Progressives had mixed reactions to the budget bill passed by the House Judiciary Committee late Thursday night, expressing disappointment with the lack of focus on the revenue side of the ledger. While there are few new cuts in this year’s spending proposal, and a few restorations, it didn’t include tax-the-rich revenue enhancers that organized labor and community activists lobbied for all session long.
“If this budget is passed as is, the wealthiest Rhode Islanders will skate by again while lower and middle-income Rhode Islanders get stuck with the bill,” said George Nee, president of the AFL-CIO who took an active role with Working RI, a group that led the charge for taxing the rich.
While legislative leadership and the local media widely predicted income tax equity reform wouldn’t pass this year, the fight isn’t over yet. Progressive lawmakers are expected to offer an income tax amendment to the budget bill when it hits the House floor next week. Rep. Maria Cimini, a progressive Democrat from the Elmhust area of Providence, led the charge in the House this year, could be the one to offer the amendment. She’s a rising star to the liberal left and an increasing thorn-in-the-side of the more moderate House leadership.
Her bill would have raised the income tax rate on those who make more than $250,000 from 5.99 percent to 9.99 percent, what the rate was before former Gov. Don Carcieri cut taxes to the rich. It also included a job creator incentive that would have lowered the proposed increase by 1 percent for every 1 percent the state’ unemployment rate dropped.
But Rep. Larry Valencia, a progressive Democrat from Richmond, also could offer the amendment. He sponsored a similar bill for the second consecutive year that doesn’t include the job creator incentive, which he said would make the budget more volatile.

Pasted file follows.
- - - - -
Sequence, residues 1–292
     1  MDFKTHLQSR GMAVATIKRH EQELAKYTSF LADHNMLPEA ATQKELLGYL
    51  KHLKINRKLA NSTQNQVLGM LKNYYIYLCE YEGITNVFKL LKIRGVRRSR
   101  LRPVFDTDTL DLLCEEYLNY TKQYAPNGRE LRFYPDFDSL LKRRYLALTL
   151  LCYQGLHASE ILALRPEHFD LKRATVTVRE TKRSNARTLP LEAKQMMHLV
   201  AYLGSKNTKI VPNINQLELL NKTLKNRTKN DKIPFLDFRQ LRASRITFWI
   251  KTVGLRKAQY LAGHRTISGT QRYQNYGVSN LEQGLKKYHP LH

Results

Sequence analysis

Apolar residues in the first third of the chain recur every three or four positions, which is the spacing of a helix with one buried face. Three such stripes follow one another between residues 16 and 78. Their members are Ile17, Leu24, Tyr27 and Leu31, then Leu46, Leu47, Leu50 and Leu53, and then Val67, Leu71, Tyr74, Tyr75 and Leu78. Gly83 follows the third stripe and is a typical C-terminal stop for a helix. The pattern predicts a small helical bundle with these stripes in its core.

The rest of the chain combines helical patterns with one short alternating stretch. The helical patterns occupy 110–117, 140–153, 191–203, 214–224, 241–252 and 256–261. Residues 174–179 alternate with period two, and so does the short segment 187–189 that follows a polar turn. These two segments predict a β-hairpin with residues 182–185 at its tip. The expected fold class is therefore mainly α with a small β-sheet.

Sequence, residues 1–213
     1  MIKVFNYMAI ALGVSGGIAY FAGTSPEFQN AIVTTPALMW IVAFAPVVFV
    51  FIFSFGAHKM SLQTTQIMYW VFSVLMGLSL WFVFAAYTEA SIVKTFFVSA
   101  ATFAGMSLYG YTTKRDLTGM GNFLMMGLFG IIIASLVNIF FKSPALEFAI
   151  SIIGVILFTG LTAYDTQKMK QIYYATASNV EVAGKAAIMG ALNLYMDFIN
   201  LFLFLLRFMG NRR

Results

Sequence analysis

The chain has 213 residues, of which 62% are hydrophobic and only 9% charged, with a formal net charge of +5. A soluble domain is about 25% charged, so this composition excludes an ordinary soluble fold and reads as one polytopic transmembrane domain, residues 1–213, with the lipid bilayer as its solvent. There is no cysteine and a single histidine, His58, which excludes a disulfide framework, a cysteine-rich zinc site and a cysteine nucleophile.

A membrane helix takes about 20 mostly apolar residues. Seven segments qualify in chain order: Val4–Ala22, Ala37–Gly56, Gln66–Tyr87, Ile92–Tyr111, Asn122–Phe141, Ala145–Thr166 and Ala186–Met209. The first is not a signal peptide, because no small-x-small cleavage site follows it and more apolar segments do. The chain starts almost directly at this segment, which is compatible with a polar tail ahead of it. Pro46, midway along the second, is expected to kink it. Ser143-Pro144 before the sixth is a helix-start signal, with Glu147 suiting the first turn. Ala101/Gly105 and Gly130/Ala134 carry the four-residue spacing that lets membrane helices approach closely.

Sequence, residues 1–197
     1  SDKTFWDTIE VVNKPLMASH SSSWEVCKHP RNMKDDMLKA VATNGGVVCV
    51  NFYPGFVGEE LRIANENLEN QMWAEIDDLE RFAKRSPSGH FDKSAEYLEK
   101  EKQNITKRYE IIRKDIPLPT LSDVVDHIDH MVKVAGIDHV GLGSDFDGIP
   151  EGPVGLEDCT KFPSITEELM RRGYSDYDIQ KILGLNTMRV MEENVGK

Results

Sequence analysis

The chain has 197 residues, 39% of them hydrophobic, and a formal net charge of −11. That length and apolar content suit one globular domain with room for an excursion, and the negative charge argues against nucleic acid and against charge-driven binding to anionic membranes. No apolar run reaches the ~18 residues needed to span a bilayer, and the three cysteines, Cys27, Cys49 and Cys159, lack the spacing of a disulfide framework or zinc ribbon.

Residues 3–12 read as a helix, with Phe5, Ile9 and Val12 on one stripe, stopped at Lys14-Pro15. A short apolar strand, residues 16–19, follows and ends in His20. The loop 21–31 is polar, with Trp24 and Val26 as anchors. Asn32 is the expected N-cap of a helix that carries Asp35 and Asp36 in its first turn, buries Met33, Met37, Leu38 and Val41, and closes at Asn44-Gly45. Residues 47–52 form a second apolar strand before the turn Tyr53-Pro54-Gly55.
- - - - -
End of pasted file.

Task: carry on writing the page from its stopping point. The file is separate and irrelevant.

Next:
“You can tell by the kinds of bills I’ve introduced that I would have preferred some changes to a more progressive tax code,” Valencia said, right after voting for the bill Thursday night. While he was hoping for income tax reform, he said he was happy it included some new sales taxes and glad it didn’t increase the meals and hotel tax – which would have hurt the the local tourism economy, one of the state’s strongest sectors.
Rep. Scott Guthrie, a populist Democrat from Coventry, has sponsored several income tax reform bills during the past two sessions also could offer an amendment.
House leadership has communicated to progressive legislators that it doesn’t want an amendment to come up on the floor. Income tax reform is expected to be used as a campaign issue this summer and fall, as voters seem to support it more than politicians. A Flemming Associates poll showed that 68 percent of Rhode Islanders support a more progressive income tax code, and many conservative legislators don’t want to be put on the record as supporting tax breaks for the wealthy.